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Finding unified communications ROI isn't simple, but study ties UC to gains

Jessica Scarpati
With almost any IT purchase, when you ask for a return on investment (ROI) rate, you get a simple answer: 15% in the first year or 75% in five years. Not so with unified communications ROI. Instead, you get vague answers about soft benefits, such as "increased productivity" or "enhanced communications." But a new study from Frost & Sullivan draws a stronger correlation between collaborative tools and monetary gains.

"If we're able to measure the amount of improvement … that UC can provide versus no UC, then we can say definitely there is some measurable return on investment," said Brian Cotton, a vice president at Frost & Sullivan and lead author of

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Meetings Around the World II: Charting the Course of Advanced Collaboration, a yearlong global study sponsored by Verizon Business and Cisco Systems.

Despite correlations between enterprises that used collaborative tools and a greater likelihood for success in more traditional ROI standards -- one-and-a-half times more sales and profit growth – Frost & Sullivan researchers hesitated to define it as a causal link.

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"If you don't use UC, you can still get your job done," Cotton said. "If you use UC, you can get your job done better, and 'better' can be defined in a lot of ways."

Unified communications ROI defined by more than money

Frost & Sullivan defined "better" as improved performance in six areas: research and development, human resources, sales, marketing, investor relations, and public relations.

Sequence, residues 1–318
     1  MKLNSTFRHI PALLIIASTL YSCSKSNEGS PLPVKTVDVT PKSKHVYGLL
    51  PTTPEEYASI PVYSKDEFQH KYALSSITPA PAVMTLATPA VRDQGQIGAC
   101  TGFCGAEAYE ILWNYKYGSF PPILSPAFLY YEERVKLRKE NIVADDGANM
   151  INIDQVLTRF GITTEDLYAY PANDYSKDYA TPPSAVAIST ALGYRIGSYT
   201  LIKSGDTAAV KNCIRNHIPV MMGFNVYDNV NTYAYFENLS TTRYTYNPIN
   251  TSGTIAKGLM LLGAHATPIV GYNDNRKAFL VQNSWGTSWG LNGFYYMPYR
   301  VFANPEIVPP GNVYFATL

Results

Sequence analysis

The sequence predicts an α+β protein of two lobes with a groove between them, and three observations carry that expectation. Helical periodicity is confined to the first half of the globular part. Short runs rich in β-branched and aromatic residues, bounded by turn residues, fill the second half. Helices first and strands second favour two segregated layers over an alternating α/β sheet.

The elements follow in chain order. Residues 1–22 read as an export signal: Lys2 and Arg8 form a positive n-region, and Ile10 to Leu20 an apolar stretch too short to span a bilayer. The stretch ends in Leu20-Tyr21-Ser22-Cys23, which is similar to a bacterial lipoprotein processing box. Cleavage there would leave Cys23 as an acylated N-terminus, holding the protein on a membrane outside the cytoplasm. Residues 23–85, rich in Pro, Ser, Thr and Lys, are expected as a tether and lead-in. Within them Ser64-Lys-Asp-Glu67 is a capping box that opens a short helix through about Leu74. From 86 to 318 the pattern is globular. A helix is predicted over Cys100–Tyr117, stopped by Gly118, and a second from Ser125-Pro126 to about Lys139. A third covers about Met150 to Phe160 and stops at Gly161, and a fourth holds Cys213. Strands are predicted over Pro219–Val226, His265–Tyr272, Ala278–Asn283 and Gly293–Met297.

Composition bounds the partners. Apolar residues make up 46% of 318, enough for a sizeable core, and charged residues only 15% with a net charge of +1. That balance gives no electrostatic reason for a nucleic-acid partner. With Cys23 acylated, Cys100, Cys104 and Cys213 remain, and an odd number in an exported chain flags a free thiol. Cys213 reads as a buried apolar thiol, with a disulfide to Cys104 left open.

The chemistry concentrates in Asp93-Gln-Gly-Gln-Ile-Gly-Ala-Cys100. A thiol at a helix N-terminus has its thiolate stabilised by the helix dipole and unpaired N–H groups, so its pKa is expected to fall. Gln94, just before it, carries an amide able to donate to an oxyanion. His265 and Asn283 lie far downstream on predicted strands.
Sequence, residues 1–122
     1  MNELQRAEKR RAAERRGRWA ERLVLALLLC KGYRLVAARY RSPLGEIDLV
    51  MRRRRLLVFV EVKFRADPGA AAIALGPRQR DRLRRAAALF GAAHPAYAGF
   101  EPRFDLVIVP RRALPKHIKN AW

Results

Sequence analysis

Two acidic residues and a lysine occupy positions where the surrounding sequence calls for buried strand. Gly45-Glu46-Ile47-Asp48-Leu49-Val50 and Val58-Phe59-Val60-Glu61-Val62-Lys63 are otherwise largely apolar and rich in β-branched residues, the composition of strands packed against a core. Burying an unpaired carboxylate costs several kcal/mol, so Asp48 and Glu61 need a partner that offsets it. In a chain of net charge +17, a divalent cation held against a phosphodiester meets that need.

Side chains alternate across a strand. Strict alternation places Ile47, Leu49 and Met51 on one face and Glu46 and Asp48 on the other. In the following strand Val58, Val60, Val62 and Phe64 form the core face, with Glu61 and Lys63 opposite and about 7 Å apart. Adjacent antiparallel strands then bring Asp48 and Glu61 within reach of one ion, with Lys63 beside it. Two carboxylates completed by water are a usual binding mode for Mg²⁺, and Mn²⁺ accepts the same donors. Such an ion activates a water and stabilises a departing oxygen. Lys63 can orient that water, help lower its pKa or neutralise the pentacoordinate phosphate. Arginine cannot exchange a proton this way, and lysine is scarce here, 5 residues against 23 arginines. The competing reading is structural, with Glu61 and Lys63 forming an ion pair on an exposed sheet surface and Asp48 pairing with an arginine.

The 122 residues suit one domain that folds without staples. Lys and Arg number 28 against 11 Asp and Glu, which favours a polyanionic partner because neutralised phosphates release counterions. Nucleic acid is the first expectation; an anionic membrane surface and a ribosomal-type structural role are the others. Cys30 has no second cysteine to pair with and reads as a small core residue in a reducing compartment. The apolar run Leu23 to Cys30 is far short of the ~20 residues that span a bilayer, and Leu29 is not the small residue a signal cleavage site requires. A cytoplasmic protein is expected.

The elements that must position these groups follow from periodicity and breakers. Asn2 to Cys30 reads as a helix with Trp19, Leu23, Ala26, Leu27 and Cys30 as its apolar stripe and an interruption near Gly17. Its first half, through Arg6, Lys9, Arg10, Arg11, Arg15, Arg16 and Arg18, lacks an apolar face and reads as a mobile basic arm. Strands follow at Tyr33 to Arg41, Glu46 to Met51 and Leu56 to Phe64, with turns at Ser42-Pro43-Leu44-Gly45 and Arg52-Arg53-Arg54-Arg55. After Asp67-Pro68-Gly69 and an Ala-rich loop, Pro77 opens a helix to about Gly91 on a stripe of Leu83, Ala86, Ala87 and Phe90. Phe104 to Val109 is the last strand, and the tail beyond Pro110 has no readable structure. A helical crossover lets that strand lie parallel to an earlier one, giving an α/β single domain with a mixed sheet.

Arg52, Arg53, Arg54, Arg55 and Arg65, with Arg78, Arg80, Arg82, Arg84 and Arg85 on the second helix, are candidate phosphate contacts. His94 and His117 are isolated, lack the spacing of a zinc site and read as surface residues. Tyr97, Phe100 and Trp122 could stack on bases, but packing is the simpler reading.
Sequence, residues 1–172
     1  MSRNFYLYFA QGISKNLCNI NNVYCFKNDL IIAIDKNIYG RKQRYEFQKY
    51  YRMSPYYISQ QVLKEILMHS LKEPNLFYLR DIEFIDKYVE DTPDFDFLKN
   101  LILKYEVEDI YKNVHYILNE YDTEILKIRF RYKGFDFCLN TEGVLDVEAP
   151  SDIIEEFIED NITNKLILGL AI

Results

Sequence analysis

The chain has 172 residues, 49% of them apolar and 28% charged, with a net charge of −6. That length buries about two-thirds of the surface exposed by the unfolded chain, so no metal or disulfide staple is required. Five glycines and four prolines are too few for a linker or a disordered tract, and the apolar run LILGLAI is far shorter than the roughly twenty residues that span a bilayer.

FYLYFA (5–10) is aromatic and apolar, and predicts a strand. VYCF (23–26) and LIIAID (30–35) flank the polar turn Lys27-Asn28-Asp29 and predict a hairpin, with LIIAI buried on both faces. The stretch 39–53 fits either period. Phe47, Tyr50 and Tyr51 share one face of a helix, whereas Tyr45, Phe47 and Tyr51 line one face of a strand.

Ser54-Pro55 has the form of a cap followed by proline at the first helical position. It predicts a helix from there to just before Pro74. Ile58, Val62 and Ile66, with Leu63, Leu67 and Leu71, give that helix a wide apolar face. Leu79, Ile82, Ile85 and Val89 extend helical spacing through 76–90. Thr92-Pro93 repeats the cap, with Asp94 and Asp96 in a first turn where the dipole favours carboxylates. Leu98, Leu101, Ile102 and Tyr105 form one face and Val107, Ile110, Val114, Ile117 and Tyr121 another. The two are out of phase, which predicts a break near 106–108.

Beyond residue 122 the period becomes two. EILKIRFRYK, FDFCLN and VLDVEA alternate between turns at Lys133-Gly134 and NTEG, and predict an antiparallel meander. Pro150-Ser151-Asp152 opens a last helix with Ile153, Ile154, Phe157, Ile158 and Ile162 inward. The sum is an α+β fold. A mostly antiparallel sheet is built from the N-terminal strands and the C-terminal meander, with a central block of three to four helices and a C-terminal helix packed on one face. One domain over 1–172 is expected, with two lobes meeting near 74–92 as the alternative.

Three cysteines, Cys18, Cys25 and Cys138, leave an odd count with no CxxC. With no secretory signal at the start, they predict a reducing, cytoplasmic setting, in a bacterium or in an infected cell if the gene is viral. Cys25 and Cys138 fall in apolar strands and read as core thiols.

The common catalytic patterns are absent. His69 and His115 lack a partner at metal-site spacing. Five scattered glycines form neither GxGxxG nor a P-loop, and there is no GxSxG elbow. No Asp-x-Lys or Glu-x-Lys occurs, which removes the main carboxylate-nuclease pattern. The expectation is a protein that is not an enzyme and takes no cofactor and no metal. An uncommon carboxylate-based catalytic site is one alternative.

Instead of labeling that margin as unified communications ROI, Cotton's team dubbed it a "return on collaboration," or ROC, acknowledging that a return on UC deployments was quantified by "the amount of change in specific functional areas" versus straight time and dollars.

"One of the things that make it really hard to quantify is that UC is an enabler," Cotton said. "It's not like a notebook computer or security appliance, where it's very direct -- 'I installed this enterprise security application and it stopped 15% more spam.'"

Biesse America, the U.S. division of Biesse Wood Division, an Italian manufacturer and developer of computerized wood-working equipment, saw its first instances of unified communications ROI in travel savings but soon found the value of collaboration extended further, according to IT manager Charlie Schulz.

We went so far that we cancelled most of our trade shows.
Charlie Schulz
IT ManagerBiesse America

After recently deploying Cisco Systems' unified communications suite – including a voice over IP (VoIP) phone system and unified messaging software -- coupled with the WebEx Web conferencing solution Biesse already had, the company first saw about $5,000 of savings per month in travel expenses, Schulz said.

But the value of collaboration began to emerge in unexpected ways. By using online video demonstrations and WebEx conferences to reel in potential customers, Biesse could include its engineers from around the world on sales calls. Traditionally, Biesse would send its engineers to trade shows to help Sales close deal with customers. Schulz said the company is closing five times more deals with online conferences than with trade shows, and he estimated that the company has since realized a $15,000 to $18,000 per month unified communications ROI.